Society can focus on facial disfigurement, ignoring those with a bodily condition, write Kathryn and Michelle

Body matters

Kathryn Browne and Michelle Cole write…

Living with a condition, mark or scar that affects the face can be difficult. The face is indelibly linked to identity. When we think of someone we know, invariably we think of their face. It’s where a lot of our senses are, we use it to connect with and read others and it is almost always visible. The repercussions of having a face which is visually different can be complex, and the experience can be immensely challenging.

It is unsurprising, then, that many of the clients who access Changing Faces’ services have a condition, mark or scar that affects their face. Perhaps more surprising, however, is the equal split between these clients and those with a visible difference elsewhere on their body. Around half of all Changing Faces clients have a disfigurement to their body, and it is important to consider the specific challenges that this can bring with it.

A disfigurement to the body can often be concealed relatively easily with clothes. If you have a scar on your leg, you can wear jeans, tights or trousers to cover it and no-one will know. In order to avoid societal pressure, having the ability to ‘hide’ a difference can often be considered an advantage. But is it always an advantage, or can the question of whether to conceal or not conceal become an issue in itself?

The problem with covering up is that there will be times when it is just not possible. Clothing, prosthetics or skin camouflage may allow you to navigate through life avoiding the prejudice and discrimination that is often heaped upon those who are in some way ‘different’. But what happens if you cannot or choose not to use skin camouflage and you want to go swimming, or in the summer when you want to wear fewer clothes? What happens when you are becoming newly intimate with a partner? There are numerous social situations where, to put it bluntly, we need to take our clothes off. This could lead to people not participating in such situations, which could have considerable consequences for their health and quality of life. For people who are concealing a disfigurement, perhaps one that even their friends and family are unaware of, this can lead to a great amount of anxiety surrounding their fear of being ‘found out’.

In the same way that our faces are strongly linked to our identity, so is the appearance of our body as a whole. If you suddenly reveal a disfigurement, will this change people’s perception of you? Is it your job to mitigate their potential anxieties and concerns? Do you sit them down and explain it to them before revealing, or do you rip off the band aid and bare all, without a word? The responsibility of making these decisions and the worry that your identity may be forever changed in the minds of others can be stressful and complex.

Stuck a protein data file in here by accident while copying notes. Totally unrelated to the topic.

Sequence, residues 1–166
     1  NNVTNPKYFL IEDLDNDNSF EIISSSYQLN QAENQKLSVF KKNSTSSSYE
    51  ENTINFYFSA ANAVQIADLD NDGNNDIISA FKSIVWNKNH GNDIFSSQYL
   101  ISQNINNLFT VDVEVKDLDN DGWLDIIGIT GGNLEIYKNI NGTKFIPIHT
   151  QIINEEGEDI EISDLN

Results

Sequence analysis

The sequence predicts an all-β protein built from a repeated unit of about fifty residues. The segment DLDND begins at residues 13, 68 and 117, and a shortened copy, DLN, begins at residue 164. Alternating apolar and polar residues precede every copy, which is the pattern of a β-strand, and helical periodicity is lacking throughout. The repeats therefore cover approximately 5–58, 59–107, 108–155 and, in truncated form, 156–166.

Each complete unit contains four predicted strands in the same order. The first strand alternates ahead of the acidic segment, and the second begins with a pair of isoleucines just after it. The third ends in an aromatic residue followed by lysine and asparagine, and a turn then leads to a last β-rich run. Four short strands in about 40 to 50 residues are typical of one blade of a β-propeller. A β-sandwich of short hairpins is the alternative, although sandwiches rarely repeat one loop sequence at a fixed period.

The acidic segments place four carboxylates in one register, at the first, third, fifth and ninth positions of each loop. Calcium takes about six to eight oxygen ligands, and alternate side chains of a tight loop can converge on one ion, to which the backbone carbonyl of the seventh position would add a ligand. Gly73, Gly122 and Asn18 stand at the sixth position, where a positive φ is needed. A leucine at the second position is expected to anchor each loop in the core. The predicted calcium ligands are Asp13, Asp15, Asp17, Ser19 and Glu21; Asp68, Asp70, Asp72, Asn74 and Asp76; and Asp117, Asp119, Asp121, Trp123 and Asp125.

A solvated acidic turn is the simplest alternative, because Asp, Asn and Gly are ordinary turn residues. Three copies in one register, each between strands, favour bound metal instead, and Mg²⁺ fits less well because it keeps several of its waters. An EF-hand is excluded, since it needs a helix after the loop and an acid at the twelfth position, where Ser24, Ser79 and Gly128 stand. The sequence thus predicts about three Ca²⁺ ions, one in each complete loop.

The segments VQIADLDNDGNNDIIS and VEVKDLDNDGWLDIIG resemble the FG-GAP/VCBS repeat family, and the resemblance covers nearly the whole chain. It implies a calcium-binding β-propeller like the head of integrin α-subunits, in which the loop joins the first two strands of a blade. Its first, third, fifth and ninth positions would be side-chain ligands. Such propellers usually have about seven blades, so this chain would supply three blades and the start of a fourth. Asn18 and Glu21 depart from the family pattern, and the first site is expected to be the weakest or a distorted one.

The reactions of other people and society in general may be a huge factor in the anxiety around concealing a disfigurement. At the same time, one may experience anxiety from feeling compelled to constantly conceal part of one’s body. What does ‘hiding’ something do to your psyche? What if you have a visible difference to both your face and body? Perhaps there could be more of a desire to control who sees your bodily difference, if you are already dealing with issues around having a facial disfigurement.

Changing Faces frequently hears from clients who express their concern that the difference on their body is not as important or as ‘worthy’ as it would be if it were on their face. This apologetic approach is unfortunate as it may prevent people from accessing support from which they could benefit. There are a wealth of different experiences, anxieties and thoughts that people with a disfigurement may have to deal with. There are people with disfigurements to their face and/or body who are entirely happy and content with their appearance but there are those who are not. It is important for us all to recognise that our own judgement about the severity or positioning of a visible difference is immaterial, and can be potentially stigmatising or damaging.

Living with a condition, mark or scar that affects the body can be difficult. Let’s not forget body matters.

Kathryn Browne is the Operations Team Manager for the Skin Camouflage Service, and Michelle Cole is Team Support. Viewpoint represents the views of its authors only and not necessarily the policies or views of Changing Faces, its staff or trustees.

This article first appeared in the April 2016 edition of Viewpoint, Changing Faces’ monthly email for supporters. Sign up here.

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